Adaptability and resilience in the mutuals sector - speech by Charlotte Gerken

Given at the Association of Financial Mutuals Conference
Published on 04 October 2021

Charlotte Gerken highlights the adaptability and resilience of mutual insurers. These are insurance providers that are owned by their members.

She talks about what the review of Solvency II regulations will mean for the mutual sector. And she sets out her views on three challenges it faces. These are:

  • technological change
  • diversity and inclusion in the financial sector
  • climate change risk

Speech

Good afternoon and thank you very much for the invitation to speak today. Colleagues who have attended the AFM conference previously have valued this opportunity to meet AFM members face to face and I have already enjoyed that privilege today. I can’t say how pleased I am now, not to be speaking to a camera dot on a laptop screen.

Over the last 18 months, supervisory colleagues at the Prudential Regulation Authority (PRA) have been working closely with insurers as they addressed the financial, economic and operational aspects of the pandemic, and the human impact it has had on their own people, the staff they rely on in other organisations and their customers and members. We have seen the mutual sector demonstrating its adaptability and resilience, through moving many of its in-person processes online and by providing financial support to members, such as premium rebates and payment holidays, where appropriate. Through the challenges of Covid-19, the PRA has taken a proportionate approach to supervision of mutual and other firms, by delaying thematic reviews, scaling back reporting requirements and extending regulatory deadlines all in the interest of ensuring a greater degree of flexibility, and where possible support for firms, during challenging times.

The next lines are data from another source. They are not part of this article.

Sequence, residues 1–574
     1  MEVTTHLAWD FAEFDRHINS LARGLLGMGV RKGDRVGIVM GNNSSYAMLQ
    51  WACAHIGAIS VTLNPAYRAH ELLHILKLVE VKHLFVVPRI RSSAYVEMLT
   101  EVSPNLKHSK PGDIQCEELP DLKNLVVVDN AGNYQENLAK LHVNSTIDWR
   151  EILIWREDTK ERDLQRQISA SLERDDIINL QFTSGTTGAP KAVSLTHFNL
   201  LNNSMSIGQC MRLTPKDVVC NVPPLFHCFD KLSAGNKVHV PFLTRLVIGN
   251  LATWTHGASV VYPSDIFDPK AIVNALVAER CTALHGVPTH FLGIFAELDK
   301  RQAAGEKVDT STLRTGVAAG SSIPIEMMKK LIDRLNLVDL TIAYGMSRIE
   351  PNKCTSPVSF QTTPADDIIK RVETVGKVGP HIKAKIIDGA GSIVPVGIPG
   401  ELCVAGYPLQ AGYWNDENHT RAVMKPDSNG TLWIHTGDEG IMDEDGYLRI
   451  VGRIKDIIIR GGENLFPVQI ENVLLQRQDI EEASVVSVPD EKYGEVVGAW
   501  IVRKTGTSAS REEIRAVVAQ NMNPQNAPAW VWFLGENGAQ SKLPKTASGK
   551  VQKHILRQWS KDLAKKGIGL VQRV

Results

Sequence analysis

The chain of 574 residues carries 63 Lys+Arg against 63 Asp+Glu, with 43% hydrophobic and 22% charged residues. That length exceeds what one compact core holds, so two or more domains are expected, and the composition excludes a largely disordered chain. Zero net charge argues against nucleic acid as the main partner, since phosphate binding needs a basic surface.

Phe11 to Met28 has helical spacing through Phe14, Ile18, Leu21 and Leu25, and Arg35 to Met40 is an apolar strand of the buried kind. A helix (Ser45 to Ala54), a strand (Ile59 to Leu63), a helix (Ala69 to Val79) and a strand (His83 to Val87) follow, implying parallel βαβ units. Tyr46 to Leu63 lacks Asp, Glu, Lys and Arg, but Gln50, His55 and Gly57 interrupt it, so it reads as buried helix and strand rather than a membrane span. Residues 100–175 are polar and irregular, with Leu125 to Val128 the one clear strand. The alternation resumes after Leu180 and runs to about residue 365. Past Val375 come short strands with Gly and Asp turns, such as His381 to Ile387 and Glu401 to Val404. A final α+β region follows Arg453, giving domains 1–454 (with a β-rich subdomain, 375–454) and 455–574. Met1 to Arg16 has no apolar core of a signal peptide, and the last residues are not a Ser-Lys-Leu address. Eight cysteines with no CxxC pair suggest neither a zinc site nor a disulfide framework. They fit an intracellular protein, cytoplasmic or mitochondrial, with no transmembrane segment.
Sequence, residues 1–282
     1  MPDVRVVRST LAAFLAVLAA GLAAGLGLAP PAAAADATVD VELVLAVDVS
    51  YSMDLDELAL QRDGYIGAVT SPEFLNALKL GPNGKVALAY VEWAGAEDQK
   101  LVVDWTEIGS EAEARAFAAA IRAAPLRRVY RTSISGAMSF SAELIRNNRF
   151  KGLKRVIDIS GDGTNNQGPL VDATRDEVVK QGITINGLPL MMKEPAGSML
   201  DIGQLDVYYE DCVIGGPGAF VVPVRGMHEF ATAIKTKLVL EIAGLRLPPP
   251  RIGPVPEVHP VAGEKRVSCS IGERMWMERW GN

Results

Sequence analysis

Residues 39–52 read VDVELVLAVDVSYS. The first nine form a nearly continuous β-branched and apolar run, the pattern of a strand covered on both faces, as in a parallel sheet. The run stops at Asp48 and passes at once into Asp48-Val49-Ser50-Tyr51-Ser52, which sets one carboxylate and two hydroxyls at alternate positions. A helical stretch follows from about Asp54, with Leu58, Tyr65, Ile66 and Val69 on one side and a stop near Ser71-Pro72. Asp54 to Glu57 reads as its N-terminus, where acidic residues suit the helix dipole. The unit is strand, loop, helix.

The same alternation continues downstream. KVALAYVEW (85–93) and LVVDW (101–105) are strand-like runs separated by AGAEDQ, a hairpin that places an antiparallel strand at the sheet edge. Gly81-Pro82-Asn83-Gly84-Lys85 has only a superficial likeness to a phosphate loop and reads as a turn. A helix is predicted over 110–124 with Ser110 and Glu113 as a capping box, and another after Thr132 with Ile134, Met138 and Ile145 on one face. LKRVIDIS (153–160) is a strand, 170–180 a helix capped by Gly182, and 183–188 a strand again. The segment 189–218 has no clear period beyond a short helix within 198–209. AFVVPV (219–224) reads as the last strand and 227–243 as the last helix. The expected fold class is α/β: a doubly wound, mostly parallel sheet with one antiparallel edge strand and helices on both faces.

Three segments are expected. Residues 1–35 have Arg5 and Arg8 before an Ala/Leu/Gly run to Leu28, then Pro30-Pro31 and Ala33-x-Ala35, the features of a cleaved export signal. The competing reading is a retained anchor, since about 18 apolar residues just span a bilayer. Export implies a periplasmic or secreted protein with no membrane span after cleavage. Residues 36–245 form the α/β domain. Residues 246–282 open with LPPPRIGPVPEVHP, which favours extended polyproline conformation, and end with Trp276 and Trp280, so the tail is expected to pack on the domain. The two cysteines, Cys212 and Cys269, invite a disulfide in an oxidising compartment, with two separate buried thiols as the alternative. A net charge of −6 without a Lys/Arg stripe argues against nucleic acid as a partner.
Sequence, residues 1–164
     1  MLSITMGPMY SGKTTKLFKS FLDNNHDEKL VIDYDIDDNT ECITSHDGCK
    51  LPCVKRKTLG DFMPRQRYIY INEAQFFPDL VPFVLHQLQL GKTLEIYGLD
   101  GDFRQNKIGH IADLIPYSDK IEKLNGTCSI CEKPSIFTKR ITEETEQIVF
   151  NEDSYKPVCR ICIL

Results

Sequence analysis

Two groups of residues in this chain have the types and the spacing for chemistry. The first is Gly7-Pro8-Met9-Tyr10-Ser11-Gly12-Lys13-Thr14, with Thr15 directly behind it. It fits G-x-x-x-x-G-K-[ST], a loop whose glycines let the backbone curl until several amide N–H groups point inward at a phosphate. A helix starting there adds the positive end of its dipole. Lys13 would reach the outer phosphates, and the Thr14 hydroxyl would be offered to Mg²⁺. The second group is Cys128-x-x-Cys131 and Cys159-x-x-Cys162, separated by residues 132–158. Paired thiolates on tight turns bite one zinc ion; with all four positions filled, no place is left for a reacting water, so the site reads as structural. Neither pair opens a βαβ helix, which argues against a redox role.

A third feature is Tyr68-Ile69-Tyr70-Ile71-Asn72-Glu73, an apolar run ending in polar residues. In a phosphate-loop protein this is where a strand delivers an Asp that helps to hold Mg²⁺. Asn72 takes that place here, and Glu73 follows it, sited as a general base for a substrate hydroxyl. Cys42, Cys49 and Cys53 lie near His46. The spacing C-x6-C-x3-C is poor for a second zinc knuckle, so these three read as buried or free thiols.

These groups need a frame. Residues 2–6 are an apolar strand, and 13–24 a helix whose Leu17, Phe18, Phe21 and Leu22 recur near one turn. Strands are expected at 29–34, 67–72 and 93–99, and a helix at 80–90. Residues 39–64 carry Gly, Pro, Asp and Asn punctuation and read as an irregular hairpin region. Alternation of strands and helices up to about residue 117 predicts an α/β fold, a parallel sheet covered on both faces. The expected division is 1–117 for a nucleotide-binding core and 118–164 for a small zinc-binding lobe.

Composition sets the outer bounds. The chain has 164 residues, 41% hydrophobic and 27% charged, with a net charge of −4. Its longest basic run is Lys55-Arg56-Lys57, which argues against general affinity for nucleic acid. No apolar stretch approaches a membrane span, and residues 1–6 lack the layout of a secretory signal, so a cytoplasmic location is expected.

The roots of insurance lie in those with mutual interests coming together to share risks, and mutuals continue to play a valuable part within the insurance sector. The pandemic has highlighted the risks of protection gaps and mutuals can play an important role in providing specialist cover and operating in markets under-served by other firms, such as sickness benefits or professional liability cover for those in unique occupations, from bus drivers to vets. Protection from risk, and a stable supply of such protection, is an essential service for individuals’ and companies’ security. It is also vital for the wider economy, and particularly important in supporting recovery from the impact of the pandemic. Both recovery from the pandemic and the transition to net zero will drive substantial restructuring of the economy, though, for example, change in working and travel patterns. This restructuring will lead to a decline in some existing sectors, and growth in others, the emergence of wholly new sectors. New or growing enterprises need certain insurance products to operate, and others to take away risk that they cannot efficiently bear themselves. Any protection gap slows investment and thereby impairs recovery and transition. Therefore the ability to eliminate any protection gaps is a clear opportunity for the insurance sector.